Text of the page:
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The development of Brazilian agriculture: future technological challenges and opportunities

DOI: 10.1186/2048-7010-1-4

Keywords: Food security, Perspectives, Agricultural development, Brazil, Technology

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Abstract:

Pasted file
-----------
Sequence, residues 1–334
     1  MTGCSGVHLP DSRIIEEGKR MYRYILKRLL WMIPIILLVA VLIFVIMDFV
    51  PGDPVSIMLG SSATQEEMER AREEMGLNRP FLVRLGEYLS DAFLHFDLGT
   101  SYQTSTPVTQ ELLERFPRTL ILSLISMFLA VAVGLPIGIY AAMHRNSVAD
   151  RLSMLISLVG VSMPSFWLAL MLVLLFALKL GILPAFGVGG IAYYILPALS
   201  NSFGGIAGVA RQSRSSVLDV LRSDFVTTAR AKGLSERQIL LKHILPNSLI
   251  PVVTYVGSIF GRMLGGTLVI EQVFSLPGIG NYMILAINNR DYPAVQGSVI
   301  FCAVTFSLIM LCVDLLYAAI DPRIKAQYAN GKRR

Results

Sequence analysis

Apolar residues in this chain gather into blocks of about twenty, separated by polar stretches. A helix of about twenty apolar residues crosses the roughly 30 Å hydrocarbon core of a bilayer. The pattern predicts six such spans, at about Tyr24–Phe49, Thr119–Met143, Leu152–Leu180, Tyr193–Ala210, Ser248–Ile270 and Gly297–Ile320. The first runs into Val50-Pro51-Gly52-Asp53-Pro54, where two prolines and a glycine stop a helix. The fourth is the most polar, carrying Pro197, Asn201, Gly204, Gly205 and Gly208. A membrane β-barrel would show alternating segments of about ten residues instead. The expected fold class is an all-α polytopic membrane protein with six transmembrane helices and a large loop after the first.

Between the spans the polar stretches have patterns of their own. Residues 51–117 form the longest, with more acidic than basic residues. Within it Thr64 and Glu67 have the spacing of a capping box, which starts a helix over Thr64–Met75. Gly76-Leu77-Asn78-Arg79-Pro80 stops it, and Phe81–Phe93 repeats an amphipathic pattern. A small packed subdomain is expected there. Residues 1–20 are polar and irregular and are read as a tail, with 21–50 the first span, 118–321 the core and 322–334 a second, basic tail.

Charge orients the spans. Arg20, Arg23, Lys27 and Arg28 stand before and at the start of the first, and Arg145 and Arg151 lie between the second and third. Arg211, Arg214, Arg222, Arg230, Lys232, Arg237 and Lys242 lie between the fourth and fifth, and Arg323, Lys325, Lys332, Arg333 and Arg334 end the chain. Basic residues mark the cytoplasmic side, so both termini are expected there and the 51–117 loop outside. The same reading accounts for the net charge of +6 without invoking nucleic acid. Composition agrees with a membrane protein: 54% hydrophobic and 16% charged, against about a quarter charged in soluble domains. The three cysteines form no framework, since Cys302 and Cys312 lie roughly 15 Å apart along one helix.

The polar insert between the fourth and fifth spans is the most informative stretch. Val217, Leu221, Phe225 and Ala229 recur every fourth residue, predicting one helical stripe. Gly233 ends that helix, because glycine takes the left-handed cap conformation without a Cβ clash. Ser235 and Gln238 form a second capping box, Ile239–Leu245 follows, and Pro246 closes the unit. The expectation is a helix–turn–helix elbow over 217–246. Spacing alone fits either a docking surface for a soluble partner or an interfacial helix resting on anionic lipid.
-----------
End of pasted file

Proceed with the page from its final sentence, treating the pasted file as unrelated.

Ensuring food security has always been a priority issue for governments, international organizations, and society in general. Recent developments have further increased the political, professional, and public concern about this issue worldwide. After remaining at historically low levels for decades, nominal food prices have become substantially higher and more volatile since the 2007 to 2008 food crisis. Between January 2007 and June 2008, food prices increased significantly, ranging from 38% for sugar to 224% for rice [1]. Prices for other major food crops such as maize and wheat also experienced sharp spikes in the same period. Following this period of steep rises, the prices of these and other agricultural commodities experienced a downturn in the second half of 2008.From the second half of 2010, food prices increased again, and peaked in January 2011. Through the course of 2011, a downward trend was re-established, but prices are still at historically high levels (Figure1). Depending on how world production evolves in the next years, nominal food prices could remain at or even above the 1997 to 2006 level [2,3].The consequences of higher prices and volatility in food markets are well documented in the literature, and include economic and political instability as well as cycles of positive and negative effects on consumers and producers. At high prices, increased poverty and malnutrition among the poor can be expected, but this trend for higher prices may also enhance investments in agricultural activities [4]. With increased supply, food prices decrease, benefiting consumers; however, excessive volatility may discourage longer-term investment in agriculture, and hence jeopardize an expansion in agricultural supply.The degree of future volatility in the food system is uncertain. Therefore, efforts are needed to minimize high levels of volatility in global food markets and ensure food security for all. The nature of this challenge requires country-level actions on

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